Since 2009, our Whole30® program has helped you change your relationship with food. Last month, Whole9’s Erin Handley encouraged you to change your relationship with your body image. Today, we ask you to take an honest look at one more aspect of your life-changing transformation.
Negative self-talk is one of the fastest ways of destroying self-esteem, sabotaging your goals, and negatively influencing your mood and emotions. “Fat-talk” (negative self-talk about your body) can lead to eating disorders, body dysmorphia, and low self-esteem. Statements like “I could have,” “I should be,” and “I used to” short-circuit progress towards your goals, and keep you focused on the past or future, not your accomplishments here in the present.
And what about the words we use to describe our food choices?
“I was so good today, I ate strict Paleo.”
“I was so bad today—I ate ice cream and chocolate cake at the party.”
“I cheated on my Whole30 with a glass of wine.”
“I totally failed—there were bread crumbs in that dish.”
“I’ve been behaving with my diet, no gluten or dairy.”
“I’m a disaster—I can’t stop eating sugar.”
You have no idea, the power of these words we choose to describe our food.
The Weight of Words
Linking your food choices with your self-worth is damaging and destructive. You are worth more than the food you put on your plate. Your value as a person has nothing to do with ice cream or broccoli.
Thinking of yourself as a good person or a bad person based on your food choices is damaging and destructive. You can be a good person who makes a healthy choice, or a good person who makes an unhealthy choice… but either way, you can be a good person.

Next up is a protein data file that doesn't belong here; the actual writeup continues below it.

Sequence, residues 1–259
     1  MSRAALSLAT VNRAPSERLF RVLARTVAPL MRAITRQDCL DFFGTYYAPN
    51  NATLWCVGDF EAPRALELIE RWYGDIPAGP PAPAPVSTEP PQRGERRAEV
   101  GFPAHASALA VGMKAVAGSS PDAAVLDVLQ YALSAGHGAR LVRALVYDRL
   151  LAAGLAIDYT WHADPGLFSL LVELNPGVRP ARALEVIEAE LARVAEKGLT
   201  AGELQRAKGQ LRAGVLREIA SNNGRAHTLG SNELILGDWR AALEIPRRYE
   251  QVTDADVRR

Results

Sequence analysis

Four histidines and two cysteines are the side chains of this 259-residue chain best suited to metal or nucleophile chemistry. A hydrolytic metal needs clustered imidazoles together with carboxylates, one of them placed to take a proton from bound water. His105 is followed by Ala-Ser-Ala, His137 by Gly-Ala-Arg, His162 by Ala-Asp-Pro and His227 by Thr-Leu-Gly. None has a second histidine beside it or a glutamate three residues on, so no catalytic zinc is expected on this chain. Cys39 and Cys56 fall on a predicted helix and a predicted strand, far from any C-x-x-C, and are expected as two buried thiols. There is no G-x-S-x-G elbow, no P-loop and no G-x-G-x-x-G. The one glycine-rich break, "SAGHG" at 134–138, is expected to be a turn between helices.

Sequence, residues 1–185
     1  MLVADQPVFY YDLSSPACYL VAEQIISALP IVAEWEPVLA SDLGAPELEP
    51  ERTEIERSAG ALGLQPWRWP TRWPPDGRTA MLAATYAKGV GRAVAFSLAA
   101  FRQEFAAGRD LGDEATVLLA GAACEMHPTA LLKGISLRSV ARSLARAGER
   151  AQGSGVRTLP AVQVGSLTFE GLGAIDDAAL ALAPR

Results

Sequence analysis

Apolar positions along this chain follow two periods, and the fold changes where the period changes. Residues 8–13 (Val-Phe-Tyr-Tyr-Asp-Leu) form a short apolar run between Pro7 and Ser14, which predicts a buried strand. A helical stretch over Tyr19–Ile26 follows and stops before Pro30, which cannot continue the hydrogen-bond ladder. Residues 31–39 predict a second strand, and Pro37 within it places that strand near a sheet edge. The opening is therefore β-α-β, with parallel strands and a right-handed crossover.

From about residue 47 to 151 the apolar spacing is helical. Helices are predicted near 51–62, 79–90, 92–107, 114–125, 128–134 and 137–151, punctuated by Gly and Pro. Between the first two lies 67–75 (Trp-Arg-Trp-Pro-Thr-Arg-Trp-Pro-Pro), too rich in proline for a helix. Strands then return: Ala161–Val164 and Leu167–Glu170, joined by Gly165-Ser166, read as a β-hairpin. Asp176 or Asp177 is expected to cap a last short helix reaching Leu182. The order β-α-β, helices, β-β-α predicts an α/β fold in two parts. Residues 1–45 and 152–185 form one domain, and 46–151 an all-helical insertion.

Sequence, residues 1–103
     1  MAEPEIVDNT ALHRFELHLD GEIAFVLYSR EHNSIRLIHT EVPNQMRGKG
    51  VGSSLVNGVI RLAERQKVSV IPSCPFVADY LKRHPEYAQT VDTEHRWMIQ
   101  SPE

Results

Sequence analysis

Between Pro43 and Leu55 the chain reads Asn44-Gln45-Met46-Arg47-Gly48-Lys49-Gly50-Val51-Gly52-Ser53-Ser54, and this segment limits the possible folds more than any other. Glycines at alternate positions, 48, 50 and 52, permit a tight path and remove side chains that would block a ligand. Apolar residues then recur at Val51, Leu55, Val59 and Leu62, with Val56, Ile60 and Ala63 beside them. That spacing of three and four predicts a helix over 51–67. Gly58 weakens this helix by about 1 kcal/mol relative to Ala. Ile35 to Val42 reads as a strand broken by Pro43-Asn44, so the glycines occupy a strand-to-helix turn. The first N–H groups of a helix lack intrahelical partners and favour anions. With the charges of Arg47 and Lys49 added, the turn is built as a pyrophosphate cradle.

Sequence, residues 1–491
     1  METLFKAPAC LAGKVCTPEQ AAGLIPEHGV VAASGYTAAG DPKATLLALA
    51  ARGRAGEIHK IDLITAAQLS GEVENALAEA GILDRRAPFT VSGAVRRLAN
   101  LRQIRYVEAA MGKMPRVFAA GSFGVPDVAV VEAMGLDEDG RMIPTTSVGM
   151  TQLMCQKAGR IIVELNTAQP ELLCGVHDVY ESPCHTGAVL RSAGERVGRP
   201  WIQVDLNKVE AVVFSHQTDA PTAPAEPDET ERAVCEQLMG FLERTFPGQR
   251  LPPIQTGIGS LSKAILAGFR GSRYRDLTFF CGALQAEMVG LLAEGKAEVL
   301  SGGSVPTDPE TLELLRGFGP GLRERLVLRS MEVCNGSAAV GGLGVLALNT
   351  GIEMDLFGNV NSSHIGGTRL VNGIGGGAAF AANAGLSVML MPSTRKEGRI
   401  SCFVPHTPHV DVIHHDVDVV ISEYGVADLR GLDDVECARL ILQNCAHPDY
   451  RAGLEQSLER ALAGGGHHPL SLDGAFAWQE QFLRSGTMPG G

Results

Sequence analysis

Treating your diet like a jealous lover who will be critical and disapproving if you flirt with another is damaging and destructive. Food does not judge you. You are the only person with the power to do that.
Deeming yourself a success or failure (implied: in life) based solely on what you ate is damaging and destructive. Are you a success because you ate broccoli, or because you demonstrated kindness to someone? Are you a failure despite your kindness, simply because later that day, you caved to a craving?
Treating yourself like a child who needs to “be good” on their diet is damaging and destructive. What happens when a child misbehaves? They are punished. And food should never be associated with punishment.
Insulting yourself for your choices—any choices—is perhaps the most damaging and destructive behavior of all. You aren’t a mess, a disaster, a train wreck. You are a good person, struggling with a difficult issue. You are more than just the results of your struggles.
Learn a New Language
Someone asked us on Facebook recently, “I ate Paleo all day, and I know what to call that—I just say I ate ‘strict Paleo.’ But what should I call it when later, I eat some fried dough?”
What if we just called it, “eating fried dough?”
As you have changed your relationship with food, and are changing your relationship with your body, today we invite you to develop a new language around your food.
You are not good or bad based on your choices. They are simply choices.
You do not cheat, you make a choice.
You do no fail, you make a choice.
You can be a good person who made a bad choice.
There is no guilt, only consequence.
There is no punishment, only consequence.
Imagine, for a moment, that your food is just food, and that your choices are just choices—good, bad, those words describe your decisions, not you. Imagine how freeing that would be?
Your food choices are not a statement about your self-worth, your value, or your significance in this world. Believe this, and everything changes.